Africa’s potential as fertile ground for apparel manufacturing is starting to take seed.
In a new McKinsey & Co. study, “Sourcing in a Volatile World — the East Africa opportunity,” set to be released today, 40 percent of U.S. and European chief purchasing officers indicated that sub-Saharan Africa will become more important to the apparel industry in the next five years, jumping from 24 percent when last surveyed in 2013.
Asked to rank the most important future sourcing destinations, respondents identified Bangladesh, Vietnam, Myanmar and Ethiopia, the first time an African country was mentioned in this context. On average, CPOs plan to increase their current level of sourcing from sub-Saharan Africa to 2.8 percent from 0.3 percent by 2020. The study surveyed leading international apparel CPOs who together are responsible for a sourcing volume of around $70 billion.
The positive outlook on sub-Saharan Africa is spurred by anticipated long-term growth in the region’s employable population that will reach levels similar to those of China by 2035, the study notes.
“There is extensive potential in sub-Saharan Africa and it remains untapped,” said Achim Berg, a principal in McKinsey’s Frankfurt office and leader of the Apparel, Fashion & Luxury Group. “Nevertheless, it is essential to analyze the countries in this region at a granular level. At the moment, sub-Saharan Africa has only a 0.56 percent share of the entire global volume of clothing exports. That equates to $2.6 billion. The region has good opportunities to develop positively, and establish fair social and environmental protection standards. In order for all parties to achieve sustainable economic success, companies must work extensively with both governments and suppliers on social and compliance issues.”
Within the sub-Saharan region, CPOs are mainly looking to East Africa, said the report, particularly Ethiopia and Kenya. Of those surveyed, 28 percent expect to start sourcing in Ethiopia by 2020, while 8 percent are planning to increase their sourcing share in Ethiopia. For Kenya, 13 percent plan to start sourcing in the next five years and 5 percent plan to increase what they already do. About 25 percent of the companies surveyed said they have sourced from sub-Saharan Africa in the past 12 months.
McKinsey estimates that with expected incremental growth, exports would reach $500 million over the next five years, which roughly equals the growth rate of the region in the past few years, at around 5 percent annually, and could grow to $700 million in the next 10 years. But under a scenario that sees East Africa becoming a more viable alternative for selected large players in the basics categories, the level of investment will rise at a faster pace that sees a doubling in the region’s exports to $1 billion a year over the next five years and to $1.7 billion per annum over the next decade. In this scenario, East Africa could move beyond cut, make and trim facilities and find itself on the path to verticalization.
Discussing Kenya and Ethiopia, Berg said, “These two countries now have opportunities to boost their share of the global sourcing market. While Ethiopia has benefits on the cost side, such as labor and energy costs, Kenya offers higher levels of productivity. But there are still some hurdles that both countries need to overcome. They must work to ensure social standards and legal security, as well as fight corruption.”
These countries also reveal weaknesses that are typical for emerging industries. The CPOs identified the shortage of qualified technicians in Kenya and Ethiopia as the most significant business-related challenge. They also criticized the lack of well-trained middle management and the upstream industry in Kenya. Regarding Ethiopia, respondents recognized issues of inefficient production and insufficient logistics infrastructure.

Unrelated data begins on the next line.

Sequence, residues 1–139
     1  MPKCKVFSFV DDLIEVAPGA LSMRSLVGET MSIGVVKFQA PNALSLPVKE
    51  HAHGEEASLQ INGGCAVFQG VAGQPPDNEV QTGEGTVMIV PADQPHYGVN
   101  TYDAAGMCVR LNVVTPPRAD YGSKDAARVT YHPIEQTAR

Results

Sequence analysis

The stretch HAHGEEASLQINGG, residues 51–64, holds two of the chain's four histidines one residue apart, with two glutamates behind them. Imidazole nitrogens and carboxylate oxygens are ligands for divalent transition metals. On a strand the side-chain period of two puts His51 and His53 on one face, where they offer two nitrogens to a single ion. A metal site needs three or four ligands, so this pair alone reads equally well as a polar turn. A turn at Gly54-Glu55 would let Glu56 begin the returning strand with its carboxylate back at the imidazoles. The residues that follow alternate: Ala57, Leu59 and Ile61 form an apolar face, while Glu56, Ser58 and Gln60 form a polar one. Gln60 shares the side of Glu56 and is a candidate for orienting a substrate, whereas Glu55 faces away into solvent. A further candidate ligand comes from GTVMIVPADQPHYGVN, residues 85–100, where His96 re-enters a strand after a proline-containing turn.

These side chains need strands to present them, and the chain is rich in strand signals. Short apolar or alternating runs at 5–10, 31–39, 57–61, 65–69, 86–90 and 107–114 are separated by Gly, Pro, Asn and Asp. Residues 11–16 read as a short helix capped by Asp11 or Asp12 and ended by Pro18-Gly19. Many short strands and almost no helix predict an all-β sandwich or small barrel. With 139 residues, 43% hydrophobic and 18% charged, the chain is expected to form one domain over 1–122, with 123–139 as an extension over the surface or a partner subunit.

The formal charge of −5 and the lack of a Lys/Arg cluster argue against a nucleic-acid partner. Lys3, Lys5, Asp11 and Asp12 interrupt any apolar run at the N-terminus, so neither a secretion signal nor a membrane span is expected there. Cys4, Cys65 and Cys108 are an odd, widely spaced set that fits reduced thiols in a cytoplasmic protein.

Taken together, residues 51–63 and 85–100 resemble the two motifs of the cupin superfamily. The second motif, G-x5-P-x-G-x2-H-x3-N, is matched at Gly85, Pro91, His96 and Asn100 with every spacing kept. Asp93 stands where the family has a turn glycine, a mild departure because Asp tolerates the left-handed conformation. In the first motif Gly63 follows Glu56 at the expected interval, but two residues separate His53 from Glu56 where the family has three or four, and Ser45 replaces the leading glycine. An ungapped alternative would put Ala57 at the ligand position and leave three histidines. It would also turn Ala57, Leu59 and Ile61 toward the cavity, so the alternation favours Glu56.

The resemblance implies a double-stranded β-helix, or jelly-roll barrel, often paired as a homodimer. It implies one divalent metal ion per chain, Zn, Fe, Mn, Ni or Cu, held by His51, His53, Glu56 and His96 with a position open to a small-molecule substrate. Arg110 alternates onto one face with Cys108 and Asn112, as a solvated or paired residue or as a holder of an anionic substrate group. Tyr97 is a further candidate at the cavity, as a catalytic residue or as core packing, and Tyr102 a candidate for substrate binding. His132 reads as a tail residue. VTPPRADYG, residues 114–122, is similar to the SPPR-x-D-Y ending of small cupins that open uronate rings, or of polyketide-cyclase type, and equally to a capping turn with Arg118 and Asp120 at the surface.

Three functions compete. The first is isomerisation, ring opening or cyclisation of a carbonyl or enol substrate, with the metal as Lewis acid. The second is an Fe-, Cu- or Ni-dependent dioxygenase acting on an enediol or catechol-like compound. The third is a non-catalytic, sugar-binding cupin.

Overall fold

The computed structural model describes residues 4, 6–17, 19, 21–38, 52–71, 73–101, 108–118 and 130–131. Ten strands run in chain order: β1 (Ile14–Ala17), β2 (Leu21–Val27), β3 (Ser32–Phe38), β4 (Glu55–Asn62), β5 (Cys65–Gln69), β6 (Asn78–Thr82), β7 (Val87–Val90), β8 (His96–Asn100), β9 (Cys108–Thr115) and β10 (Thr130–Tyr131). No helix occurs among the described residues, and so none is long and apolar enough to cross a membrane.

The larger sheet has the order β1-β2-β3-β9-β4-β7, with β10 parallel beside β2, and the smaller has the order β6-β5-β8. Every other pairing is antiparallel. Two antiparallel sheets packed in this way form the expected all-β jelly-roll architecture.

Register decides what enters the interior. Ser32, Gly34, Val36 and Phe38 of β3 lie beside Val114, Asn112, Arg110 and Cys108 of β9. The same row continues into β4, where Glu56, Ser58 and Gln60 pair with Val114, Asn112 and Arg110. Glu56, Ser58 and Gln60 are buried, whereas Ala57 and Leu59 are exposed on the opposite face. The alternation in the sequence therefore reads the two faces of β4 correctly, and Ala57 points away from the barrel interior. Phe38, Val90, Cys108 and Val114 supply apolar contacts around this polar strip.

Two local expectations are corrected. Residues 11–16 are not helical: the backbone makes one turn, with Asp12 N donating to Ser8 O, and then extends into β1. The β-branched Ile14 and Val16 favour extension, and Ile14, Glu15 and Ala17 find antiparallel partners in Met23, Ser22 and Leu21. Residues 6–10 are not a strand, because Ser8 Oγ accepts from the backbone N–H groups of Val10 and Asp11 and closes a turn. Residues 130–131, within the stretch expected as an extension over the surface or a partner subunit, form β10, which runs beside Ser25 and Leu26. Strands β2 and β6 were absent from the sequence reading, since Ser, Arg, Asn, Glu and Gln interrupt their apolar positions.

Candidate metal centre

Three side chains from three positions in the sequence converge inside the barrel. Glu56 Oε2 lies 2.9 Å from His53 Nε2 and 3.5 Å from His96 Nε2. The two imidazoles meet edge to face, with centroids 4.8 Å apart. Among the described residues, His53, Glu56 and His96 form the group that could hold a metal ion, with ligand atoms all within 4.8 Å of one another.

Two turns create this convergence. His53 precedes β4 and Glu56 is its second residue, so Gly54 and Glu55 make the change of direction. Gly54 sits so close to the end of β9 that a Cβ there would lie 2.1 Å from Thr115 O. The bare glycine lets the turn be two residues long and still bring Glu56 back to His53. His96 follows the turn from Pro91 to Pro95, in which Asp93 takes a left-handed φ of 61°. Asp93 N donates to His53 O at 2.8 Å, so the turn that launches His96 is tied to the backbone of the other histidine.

In 2008, the Kenyan government added the garment industry to its list of focus industries it expects will drive the country’s industrialization, as part of its “Kenya Vision 2030” program, and implemented several measures to support the industry’s development.
The growth of the Kenyan apparel industry was driven almost exclusively by the duty-free access it enjoys from the U.S. through the African Growth and Opportunity Act, with 92 percent of garment exports in 2013 delivered to the U.S. Kenya’s industry currently specializes in supplying high-volume, good-quality bulk basics. However, due to the lack of a local upstream industry, fabrics have to be imported and are mainly sourced from China. Trousers account for 58 percent of the apparel exported from Kenya to the U.S.
Over the last two years there has been a lot of buzz about Ethiopia, with leading European buyers starting to source from the country and large U.S. players exploring the opportunity. At the same time, several integrated players and CMT manufacturers from Turkey and Asia have committed to investing and starting businesses there. But Ethiopia’s industry remains nascent, accounting for 0.01 percent of global apparel exports. An analysis of Ethiopia’s exports to Europe’s 15 largest economies shows that 46 percent were comprised of T-shirts and 31 percent were trousers.
With the potential shown by East Africa, China isn’t going away. About 39 percent of global apparel exports, with a value of $177 billion, currently come from China.
“China continues to dominate the sourcing market,” Berg said. “Bangladesh, Vietnam and Myanmar combined generate less than one-third of China’s export value,” yet the trend of seeking out new sourcing destinations continues.
Some 75 percent of the CPOs surveyed expressed a desire to shift at least a portion of their production from China. CPOs in Europe assume that exchange rates and labor costs will have the greatest impact on sourcing costs, while U.S. buyers see raw material costs as the most important factor.